A week of Donald Trump screeching about attorney-client privilege has manifested itself into a bonafide legal strategy.
On Sunday night, Trump’s lawyer, Joanna Hendon, argued to U.S. District Court Judge Kimba Wood that the only way to ensure that Trump’s attorney-client privilege is protected when it comes to his other lawyer, Michael Cohen, is to let him view Cohen-related files before federal investigators do.
“It simply cannot be the case that by acting in such an aggressive, intrusive, and unorthodox manner,” she wrote, “the government has somehow created an entitlement on its own part to eliminate the President’s right to a full assertion of every privilege argument available to him.”
The FBI executed search warrants last week on Cohen’s office, home, security deposit box and hotel room. It is unusual, but not unprecedented, for agents to search a lawyer’s records, and there is a policy in place designed to shield information covered by the attorney-client privilege.
That procedure involves having a “taint team” of prosecutors outside the investigation review all the material and separate what is covered by the privilege. A lawyer’s communications with a client are not covered by the privilege if those discussions do not involve legal advice, or were used to further a crime or fraud.
Under the procedure, the taint team would turn over to the case investigators all the material that is relevant and not covered by attorney-client privilege.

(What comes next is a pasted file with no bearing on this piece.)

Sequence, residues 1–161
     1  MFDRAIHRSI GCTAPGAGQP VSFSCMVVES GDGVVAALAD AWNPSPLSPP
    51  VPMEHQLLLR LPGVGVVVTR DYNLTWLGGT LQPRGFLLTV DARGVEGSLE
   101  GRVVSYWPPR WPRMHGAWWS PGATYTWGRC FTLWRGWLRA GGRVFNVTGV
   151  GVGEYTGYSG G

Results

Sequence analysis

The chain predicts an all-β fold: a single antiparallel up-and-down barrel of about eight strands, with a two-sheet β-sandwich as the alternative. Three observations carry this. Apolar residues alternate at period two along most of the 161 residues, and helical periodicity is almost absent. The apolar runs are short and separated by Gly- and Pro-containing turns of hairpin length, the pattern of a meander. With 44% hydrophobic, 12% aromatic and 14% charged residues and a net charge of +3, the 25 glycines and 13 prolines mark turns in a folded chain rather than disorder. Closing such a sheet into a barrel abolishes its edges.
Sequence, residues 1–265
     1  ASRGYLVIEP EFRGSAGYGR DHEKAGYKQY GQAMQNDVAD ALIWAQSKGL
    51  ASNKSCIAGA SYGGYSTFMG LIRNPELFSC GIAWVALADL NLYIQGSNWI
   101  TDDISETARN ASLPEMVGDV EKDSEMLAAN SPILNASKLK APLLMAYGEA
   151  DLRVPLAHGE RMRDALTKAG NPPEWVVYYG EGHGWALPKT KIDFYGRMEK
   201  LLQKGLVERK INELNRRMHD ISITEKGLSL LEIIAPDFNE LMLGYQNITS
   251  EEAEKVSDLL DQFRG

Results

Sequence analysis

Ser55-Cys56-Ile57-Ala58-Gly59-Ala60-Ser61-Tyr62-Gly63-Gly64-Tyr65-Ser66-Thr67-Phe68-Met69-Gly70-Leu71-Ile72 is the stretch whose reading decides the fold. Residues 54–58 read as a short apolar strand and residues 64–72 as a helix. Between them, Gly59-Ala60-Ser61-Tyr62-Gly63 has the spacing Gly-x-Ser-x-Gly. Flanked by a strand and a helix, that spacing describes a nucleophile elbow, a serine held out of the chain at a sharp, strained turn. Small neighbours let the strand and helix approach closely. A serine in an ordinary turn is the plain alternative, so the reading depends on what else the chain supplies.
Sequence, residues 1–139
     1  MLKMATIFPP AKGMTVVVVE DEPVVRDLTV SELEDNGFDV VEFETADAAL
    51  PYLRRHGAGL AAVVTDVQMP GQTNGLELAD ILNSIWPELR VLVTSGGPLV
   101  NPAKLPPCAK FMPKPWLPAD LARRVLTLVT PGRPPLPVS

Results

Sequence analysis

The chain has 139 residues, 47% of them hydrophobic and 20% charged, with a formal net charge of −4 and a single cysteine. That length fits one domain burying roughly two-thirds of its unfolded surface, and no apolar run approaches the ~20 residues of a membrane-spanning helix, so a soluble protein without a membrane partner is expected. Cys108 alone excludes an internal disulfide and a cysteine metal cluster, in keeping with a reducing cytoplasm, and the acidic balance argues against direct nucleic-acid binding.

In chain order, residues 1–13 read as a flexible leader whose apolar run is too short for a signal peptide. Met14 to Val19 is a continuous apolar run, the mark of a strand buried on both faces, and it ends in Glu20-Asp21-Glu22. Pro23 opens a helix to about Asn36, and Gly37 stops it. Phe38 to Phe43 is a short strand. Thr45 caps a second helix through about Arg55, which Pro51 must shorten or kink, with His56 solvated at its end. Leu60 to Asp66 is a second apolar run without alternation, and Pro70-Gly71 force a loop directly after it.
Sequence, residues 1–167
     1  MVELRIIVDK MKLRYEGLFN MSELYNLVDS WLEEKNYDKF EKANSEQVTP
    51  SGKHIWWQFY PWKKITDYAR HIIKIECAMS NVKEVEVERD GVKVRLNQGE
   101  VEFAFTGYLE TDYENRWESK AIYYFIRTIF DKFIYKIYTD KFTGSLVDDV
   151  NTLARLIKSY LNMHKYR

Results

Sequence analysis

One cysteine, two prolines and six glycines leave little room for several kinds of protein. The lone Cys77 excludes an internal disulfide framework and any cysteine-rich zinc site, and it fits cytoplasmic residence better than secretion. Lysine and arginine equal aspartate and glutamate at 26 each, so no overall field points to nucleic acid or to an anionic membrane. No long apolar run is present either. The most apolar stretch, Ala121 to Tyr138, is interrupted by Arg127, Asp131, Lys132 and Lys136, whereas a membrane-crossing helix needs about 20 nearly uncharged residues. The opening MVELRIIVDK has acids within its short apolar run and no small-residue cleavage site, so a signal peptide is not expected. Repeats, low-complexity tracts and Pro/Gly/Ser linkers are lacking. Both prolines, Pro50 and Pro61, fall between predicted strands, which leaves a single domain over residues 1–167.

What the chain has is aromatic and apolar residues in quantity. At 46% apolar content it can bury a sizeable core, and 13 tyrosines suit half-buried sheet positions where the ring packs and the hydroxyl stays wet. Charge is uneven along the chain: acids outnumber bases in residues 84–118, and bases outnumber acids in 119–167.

Hendon isn’t happy with this whole arrangement, however. “In the highly politicized, even fevered, atmosphere that envelops this matter,” she wrote, “it is simply unreasonable to expect that a team of prosecutors, even if not directly involved in the investigation of Mr. Cohen, could perform a privilege review in the manner necessary to safeguard the important interests of the President, as the holder of the privilege.”
Trump’s lawyers asked the court to provide Cohen with a “copy of the materials,” to make Cohen identify any of those materials involving Trump, and to allow Trump and his lawyers “to identify for the government’s taint team all materials over which the President asserts privilege.”
“Fairness and justice - as well as the appearance of fairness and justice - require that,” Hendon wrote, “the seized materials relating to the President must be reviewed by the only person who is truly motivated to ensure that the privilege is properly invoked and applied: the privilege-holder himself, the President.” Trump: a one-man taint team, AKA Big Taint.
Wood set a deadline of 10 AM Monday for Cohen to name the clients possibly affected by the seizure. It’s unclear what this means for Cohen’s other clients, and whether or not they should get the same privilege as Trump of making sure nothing bad about them is in the files, or how the judge will rule on the request. Politico noted that on Friday, Wood “seemed to chide” Hendon for making the argument that Trump should get special attorney-client privileges that normal clients don’t receive.
Cohen has a hearing set for 2 PM today. The Post says that Cohen will be in attendance, as will Stormy Daniels.